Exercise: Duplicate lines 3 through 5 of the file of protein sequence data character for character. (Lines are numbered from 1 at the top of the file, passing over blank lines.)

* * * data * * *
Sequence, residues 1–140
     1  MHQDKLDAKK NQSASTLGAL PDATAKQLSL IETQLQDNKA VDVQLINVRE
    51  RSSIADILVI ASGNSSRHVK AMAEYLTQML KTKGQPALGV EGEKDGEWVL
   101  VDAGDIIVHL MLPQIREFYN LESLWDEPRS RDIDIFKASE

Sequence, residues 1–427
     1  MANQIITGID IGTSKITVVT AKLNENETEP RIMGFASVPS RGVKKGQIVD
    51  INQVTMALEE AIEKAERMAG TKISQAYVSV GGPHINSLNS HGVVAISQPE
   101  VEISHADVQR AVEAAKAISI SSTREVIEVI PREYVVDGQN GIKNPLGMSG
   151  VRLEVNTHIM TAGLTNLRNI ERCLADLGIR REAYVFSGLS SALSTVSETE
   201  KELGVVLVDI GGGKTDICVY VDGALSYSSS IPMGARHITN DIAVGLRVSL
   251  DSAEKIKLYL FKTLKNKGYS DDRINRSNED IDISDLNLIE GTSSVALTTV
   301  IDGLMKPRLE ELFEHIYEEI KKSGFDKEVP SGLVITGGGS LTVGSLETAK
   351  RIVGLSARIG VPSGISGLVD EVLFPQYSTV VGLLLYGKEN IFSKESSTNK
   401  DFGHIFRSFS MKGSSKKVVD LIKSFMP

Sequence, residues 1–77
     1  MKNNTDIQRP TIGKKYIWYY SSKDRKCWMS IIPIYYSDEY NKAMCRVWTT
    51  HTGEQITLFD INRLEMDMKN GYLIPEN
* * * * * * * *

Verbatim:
    51  RSSIADILVI ASGNSSRHVK AMAEYLTQML KTKGQPALGV EGEKDGEWVL
   101  VDAGDIIVHL MLPQIREFYN LESLWDEPRS RDIDIFKASE

Sequence, residues 1–427